screening, and some infant services  will be provided through the                                                               
Division of Health Care Services.                                                                                               
COMMISSIONER GILBERTSON  said the next largest  portion displayed                                                               
on the chart  is the Division of Senior  and Disability Services.                                                               
He said  this will be  a large  portion of the  restructuring and                                                               
integration as the  department takes over the  Division of Senior                                                               
Services from  the Department of Administration.   The department                                                               
will   be  combining   that  division   with  the   developmental                                                               
disabilities services that currently  are underserved through the                                                               
Division  of Mental  Health  and  Developmental Disabilities,  to                                                               
create  a new  Division of  Senior and  Disability Services.   He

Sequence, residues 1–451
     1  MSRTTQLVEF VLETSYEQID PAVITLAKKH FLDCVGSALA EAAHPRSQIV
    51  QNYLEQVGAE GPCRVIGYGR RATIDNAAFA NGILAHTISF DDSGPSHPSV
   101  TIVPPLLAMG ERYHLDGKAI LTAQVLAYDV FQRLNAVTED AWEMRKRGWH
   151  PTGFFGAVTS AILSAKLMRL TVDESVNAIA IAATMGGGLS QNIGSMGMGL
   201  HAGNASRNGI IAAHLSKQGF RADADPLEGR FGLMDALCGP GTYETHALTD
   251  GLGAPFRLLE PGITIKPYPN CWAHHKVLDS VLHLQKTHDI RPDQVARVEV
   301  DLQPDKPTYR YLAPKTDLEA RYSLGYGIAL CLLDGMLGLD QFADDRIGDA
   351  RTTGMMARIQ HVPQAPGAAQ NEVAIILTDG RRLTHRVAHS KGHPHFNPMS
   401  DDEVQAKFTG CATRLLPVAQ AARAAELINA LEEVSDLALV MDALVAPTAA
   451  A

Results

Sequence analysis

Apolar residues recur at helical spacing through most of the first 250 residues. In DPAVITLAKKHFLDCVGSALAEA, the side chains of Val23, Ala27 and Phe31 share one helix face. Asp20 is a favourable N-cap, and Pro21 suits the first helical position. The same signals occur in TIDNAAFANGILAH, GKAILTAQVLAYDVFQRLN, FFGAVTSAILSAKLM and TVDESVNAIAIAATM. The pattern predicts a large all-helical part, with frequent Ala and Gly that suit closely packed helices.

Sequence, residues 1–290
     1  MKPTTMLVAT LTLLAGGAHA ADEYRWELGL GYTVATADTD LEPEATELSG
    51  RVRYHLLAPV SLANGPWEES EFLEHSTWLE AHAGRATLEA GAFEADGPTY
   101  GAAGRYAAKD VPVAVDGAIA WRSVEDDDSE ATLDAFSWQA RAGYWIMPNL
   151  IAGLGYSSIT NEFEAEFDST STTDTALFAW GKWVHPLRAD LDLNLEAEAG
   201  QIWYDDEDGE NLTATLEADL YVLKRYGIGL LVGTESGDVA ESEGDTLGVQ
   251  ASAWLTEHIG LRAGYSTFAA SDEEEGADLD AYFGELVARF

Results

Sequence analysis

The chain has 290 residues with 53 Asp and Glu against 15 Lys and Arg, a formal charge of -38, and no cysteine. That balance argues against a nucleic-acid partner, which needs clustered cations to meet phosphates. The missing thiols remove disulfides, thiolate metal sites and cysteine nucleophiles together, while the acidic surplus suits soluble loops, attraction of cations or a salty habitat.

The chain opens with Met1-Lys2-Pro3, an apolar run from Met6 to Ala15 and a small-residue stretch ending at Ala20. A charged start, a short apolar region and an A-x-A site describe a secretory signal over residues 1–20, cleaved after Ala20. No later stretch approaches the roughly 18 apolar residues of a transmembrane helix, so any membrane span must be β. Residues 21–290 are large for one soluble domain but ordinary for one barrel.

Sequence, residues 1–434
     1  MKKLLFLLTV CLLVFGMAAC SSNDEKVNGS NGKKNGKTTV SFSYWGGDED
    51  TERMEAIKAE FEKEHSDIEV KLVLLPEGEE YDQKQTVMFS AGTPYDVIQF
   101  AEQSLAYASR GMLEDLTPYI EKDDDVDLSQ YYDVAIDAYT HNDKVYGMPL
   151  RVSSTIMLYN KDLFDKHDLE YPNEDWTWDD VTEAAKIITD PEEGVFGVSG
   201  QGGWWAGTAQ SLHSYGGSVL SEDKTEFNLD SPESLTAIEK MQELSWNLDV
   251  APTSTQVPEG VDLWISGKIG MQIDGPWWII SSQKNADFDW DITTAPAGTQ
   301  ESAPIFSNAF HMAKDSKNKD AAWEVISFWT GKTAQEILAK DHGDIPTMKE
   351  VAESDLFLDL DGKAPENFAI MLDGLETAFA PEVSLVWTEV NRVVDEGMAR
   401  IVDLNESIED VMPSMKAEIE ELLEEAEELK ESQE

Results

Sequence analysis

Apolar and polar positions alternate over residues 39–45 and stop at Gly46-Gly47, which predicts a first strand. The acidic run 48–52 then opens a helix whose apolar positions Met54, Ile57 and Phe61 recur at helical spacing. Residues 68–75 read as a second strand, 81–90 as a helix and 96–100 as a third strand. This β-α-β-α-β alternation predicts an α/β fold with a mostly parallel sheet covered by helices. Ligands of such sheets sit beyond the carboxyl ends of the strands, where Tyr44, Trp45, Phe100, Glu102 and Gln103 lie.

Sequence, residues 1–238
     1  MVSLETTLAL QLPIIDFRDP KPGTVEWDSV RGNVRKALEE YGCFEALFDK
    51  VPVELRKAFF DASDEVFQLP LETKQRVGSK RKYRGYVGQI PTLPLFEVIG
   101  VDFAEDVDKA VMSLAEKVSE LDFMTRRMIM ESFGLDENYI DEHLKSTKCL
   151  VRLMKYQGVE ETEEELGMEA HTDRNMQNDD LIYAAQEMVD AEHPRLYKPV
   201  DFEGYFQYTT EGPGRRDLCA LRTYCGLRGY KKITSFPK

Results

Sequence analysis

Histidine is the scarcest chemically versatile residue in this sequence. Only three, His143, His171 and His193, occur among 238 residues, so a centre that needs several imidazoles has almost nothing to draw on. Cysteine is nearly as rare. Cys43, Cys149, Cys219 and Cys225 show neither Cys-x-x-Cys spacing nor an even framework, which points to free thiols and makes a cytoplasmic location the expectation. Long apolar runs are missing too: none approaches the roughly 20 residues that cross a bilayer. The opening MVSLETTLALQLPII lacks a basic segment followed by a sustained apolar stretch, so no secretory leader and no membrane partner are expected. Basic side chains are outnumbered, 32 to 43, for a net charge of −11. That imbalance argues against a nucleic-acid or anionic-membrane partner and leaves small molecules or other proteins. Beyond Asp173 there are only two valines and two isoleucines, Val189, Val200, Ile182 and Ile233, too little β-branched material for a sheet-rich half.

told the committee that this  change will allow the department to                                                               
unify all  of the "waiver services"  in one division.   This will                                                               
also mean that there  will be a single point of  entry for all of                                                               
[the state's] senior services.  He  told the committee this is an                                                               
issue  seniors  have  been  pushing  for a  very  long  time  and                                                               
something they deserve.   Customer service and  continuum of care                                                               
for  seniors will  be overseen  by  one division  director.   The                                                               
amount  of  $196  [$191.6]  million will  be  budgeted  for  that                                                               
division and  the department  will have  a division  director who                                                               
will  be  appearing  before  the  legislature  and  who  will  be                                                               
accountable  for  the  waitlist,  budget,  and  policy  decisions                                                               
behind the waitlist,  rather than having it fractured  the way it                                                               
is right now.                                                                                                                   
Number 0540